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Discussion Starter #1
I'm seeing a lot of good deals on bikes that basically sat for five years. How do the fuel injection components hold up with old gas sitting in the system for 3-5 years?
 

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I would Drain the tank and refill with fresh. Adding Seafoam will help. Don't forget the Brake Fluid, Coolant, Hoses and other things that could deteriorate over time.
Bingo, we have a winner. I would always first ask when was the last time the motorcycle was fired up or taken for a ride of course. Low mileage doesn't mean engine wasn't periodically fired up to ensure that everything remained in good working order.


The problem isn't really with "old" liqiuds like fuel, oil, etc. but instead if the motorcycle sits dry for an extended period of time. Just drain the old, add the new, and everything is generally good to go. If it's sat for a long period of time it's probably good to shoot a little oil into the cylinders (by removing the plug) and hand turn over the engine to ensure the rings haven't seized but that's for engines that have sat for a very long period of time without being turned over.
 

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It's from a HD dealer. 10k for a 09 V-rod. 1500 miles. I've heard the fuel can get old and mess things up. But in a modem fuel injected system only the injectors and fuel pump touch the fuel? No fuel distributor...
 

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I know what you mean about a dry start though. Definitely will be listening for any ominous engine noises.
 

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If its from the Lord (HD dealer) then it was probably checked over. I know my Chapel (Brians HD) replaces brake pads if they are at 50% or less.
 

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my 08 V-Rod has sat most of it 8 years of ownership in storage. i've simply mixed in 3/4 of a small bottle of Stabil, filled the tank, and pulled the maxi fuse when leaving it alone for extended time. so long as the battery has juice, it has always started easily when coming back. longest time it sat still was from 2010-2011 when i was deployed to Afghanistan; tires got soft so it was sketchy loading it onto the trailer.

it currently sits in storage, and the soonest i plan to check it again is maybe in 2017. as this is likely the longest it will be in storage, i made sure to have new oil put in before parking it in storage, as well as using the whole bottle of stabil prior to filling the tank.

edit, it has 12017 miles when parked last
 

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Let me get this straight, you are talking about storing high mileage motorcycles for a few years right?

If your old bike has say, 7000 miles and it was stored for at least a year, why wouldn't you rebuild the motor first?

With 7K or more miles, you must know that there is a lot of wear on the motor and drive train, and storage only accelerates the deterioration.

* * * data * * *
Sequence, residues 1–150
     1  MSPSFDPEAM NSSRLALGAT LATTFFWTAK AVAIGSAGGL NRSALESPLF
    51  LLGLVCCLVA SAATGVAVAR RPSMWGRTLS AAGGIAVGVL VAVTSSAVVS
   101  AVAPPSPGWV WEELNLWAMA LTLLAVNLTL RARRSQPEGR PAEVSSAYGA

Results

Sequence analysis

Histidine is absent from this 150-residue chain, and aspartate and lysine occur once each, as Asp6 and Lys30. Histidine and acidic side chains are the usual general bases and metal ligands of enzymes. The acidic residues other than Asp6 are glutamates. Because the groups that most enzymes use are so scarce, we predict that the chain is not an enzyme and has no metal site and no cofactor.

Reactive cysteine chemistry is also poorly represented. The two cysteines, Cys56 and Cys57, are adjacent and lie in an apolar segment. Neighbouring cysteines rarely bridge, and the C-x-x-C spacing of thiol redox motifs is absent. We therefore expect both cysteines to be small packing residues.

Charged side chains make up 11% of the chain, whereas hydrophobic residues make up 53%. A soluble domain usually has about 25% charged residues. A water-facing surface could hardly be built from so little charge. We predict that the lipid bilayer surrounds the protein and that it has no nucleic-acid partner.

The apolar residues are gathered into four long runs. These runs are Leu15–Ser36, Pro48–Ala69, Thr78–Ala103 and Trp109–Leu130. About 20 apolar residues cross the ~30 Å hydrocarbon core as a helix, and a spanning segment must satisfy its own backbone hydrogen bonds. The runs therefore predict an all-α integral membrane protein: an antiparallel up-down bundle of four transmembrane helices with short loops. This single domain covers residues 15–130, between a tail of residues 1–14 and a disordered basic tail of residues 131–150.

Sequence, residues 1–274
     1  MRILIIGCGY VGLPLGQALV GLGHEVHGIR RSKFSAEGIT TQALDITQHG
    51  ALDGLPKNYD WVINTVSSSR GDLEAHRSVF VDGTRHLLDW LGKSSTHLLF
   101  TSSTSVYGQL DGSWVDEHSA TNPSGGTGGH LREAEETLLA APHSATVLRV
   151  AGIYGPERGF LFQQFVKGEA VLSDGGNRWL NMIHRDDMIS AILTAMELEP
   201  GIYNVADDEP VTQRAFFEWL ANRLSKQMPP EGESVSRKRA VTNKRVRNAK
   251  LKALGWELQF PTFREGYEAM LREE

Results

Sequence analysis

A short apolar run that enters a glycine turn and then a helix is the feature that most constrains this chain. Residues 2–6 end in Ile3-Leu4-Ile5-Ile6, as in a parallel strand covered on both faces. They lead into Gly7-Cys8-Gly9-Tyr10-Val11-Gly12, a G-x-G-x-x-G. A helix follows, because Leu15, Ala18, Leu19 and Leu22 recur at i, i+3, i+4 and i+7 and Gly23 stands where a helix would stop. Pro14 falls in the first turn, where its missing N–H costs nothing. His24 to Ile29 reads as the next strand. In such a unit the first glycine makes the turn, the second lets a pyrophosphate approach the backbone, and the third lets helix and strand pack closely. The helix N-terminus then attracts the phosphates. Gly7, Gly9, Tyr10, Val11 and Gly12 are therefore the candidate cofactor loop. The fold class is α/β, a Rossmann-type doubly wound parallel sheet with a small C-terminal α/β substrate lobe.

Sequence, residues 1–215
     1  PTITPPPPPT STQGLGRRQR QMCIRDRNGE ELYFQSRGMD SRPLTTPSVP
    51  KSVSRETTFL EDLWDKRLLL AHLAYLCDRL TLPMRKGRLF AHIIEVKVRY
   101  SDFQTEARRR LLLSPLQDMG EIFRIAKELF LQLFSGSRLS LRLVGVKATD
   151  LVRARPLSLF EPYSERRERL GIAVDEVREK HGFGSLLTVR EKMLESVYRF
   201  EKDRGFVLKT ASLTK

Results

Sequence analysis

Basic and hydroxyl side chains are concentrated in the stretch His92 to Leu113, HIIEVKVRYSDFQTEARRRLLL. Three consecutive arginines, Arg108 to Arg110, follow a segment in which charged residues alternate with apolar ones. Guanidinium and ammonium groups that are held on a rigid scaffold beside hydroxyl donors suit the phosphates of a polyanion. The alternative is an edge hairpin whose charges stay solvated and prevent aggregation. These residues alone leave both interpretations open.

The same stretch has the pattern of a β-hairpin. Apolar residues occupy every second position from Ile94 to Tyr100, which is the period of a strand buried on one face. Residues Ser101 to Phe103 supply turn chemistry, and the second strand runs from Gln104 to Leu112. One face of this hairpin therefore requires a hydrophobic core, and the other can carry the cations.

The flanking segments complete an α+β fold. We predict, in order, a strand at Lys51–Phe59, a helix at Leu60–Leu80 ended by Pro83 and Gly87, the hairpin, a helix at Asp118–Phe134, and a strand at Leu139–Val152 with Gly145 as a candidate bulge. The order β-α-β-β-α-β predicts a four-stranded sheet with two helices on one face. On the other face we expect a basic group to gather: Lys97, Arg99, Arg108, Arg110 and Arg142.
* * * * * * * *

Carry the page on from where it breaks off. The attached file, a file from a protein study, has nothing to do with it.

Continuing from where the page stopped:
Wouldn't it be better to recycle your old bike and purchase a new reliable Harley?













k
 

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Bingo, we have a winner. I would always first ask when was the last time the motorcycle was fired up or taken for a ride of course. Low mileage doesn't mean engine wasn't periodically fired up to ensure that everything remained in good working order.


The problem isn't really with "old" liqiuds like fuel, oil, etc. but instead if the motorcycle sits dry for an extended period of time. Just drain the old, add the new, and everything is generally good to go. If it's sat for a long period of time it's probably good to shoot a little oil into the cylinders (by removing the plug) and hand turn over the engine to ensure the rings haven't seized but that's for engines that have sat for a very long period of time without being turned over.
If a bike is going to sit the worst thing you can do is start and let it run a bit and shut it down. Ride it or don't. Starting it does not help it.
If it is going to sit a long time fog cylinders .
 

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This is the quintessential "it depends". If the motorcycle was lightly used over a number of years and properly maintained and winterized, itshouldn't be a problem. If it was used quite a bit at first and then stuck in the back of a shed for the rest of that time without being properly moth balled, it could be quite the project.


Growing up my neighbor had a UJM garage queen. It got a thorough maintenance every spring and full winterization in the fall. The guy was kind of a Goldilocks rider, though, and only ventured out on it when conditions were just right. He probably rode it just enough to burn off the fuel that had the stabilizer in it from the previous fall and maybe a second tank of gas each summer before winterizing it again. I wouldn't have too many qualms about buying that bike.


On the other hand I've known people to buy just about anything with a motor and then stuff it in a shed or leave it in the bushes as soon as new wears off or the need that caused them to purchase whatever gets satisfied. After a few years they realize it's taking up space and is a fungible asset. Then they sell it as "barely used". Those types of cars, trucks, tractors, lawn mowers, boat motors and motorcycles are likely to turn into projects.
 
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